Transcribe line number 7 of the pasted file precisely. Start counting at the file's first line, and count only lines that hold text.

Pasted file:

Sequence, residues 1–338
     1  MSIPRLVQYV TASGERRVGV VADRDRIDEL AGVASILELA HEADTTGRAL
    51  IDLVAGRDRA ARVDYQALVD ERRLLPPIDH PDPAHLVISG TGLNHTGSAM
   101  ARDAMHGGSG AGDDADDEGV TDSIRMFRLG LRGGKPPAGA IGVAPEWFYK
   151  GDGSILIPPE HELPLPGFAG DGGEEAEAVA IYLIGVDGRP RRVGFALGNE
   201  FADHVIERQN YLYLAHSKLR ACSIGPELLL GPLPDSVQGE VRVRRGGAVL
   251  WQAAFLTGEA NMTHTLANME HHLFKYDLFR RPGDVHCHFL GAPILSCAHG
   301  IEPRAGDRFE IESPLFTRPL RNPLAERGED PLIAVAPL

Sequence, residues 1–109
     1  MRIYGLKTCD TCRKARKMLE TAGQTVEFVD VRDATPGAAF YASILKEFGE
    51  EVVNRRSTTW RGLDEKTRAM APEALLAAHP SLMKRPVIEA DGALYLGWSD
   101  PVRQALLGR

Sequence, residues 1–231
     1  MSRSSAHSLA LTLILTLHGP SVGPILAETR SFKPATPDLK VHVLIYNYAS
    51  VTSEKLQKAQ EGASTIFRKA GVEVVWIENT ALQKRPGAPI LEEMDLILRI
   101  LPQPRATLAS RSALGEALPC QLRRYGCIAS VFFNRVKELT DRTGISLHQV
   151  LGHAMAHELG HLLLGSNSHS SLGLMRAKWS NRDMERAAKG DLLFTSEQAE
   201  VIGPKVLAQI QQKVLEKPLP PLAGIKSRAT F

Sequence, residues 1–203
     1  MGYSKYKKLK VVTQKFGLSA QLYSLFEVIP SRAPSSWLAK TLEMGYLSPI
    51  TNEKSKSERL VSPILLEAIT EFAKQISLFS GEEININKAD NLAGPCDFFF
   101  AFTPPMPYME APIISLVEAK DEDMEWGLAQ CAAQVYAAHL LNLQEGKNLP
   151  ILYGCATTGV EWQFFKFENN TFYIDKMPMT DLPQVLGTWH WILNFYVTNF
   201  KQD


   251  WQAAFLTGEA NMTHTLANME HHLFKYDLFR RPGDVHCHFL GAPILSCAHG